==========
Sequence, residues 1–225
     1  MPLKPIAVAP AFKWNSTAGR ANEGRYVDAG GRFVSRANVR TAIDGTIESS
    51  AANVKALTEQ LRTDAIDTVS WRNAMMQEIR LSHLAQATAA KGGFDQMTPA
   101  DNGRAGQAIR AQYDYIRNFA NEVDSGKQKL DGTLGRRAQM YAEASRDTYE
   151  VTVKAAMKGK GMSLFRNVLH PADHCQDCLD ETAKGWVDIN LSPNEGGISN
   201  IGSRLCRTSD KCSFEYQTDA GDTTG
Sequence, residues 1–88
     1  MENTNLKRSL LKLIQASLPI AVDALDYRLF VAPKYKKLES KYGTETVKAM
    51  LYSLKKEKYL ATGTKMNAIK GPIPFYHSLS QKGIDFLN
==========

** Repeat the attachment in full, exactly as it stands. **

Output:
Sequence, residues 1–225
     1  MPLKPIAVAP AFKWNSTAGR ANEGRYVDAG GRFVSRANVR TAIDGTIESS
    51  AANVKALTEQ LRTDAIDTVS WRNAMMQEIR LSHLAQATAA KGGFDQMTPA
   101  DNGRAGQAIR AQYDYIRNFA NEVDSGKQKL DGTLGRRAQM YAEASRDTYE
   151  VTVKAAMKGK GMSLFRNVLH PADHCQDCLD ETAKGWVDIN LSPNEGGISN
   201  IGSRLCRTSD KCSFEYQTDA GDTTG
Sequence, residues 1–88
     1  MENTNLKRSL LKLIQASLPI AVDALDYRLF VAPKYKKLES KYGTETVKAM
    51  LYSLKKEKYL ATGTKMNAIK GPIPFYHSLS QKGIDFLN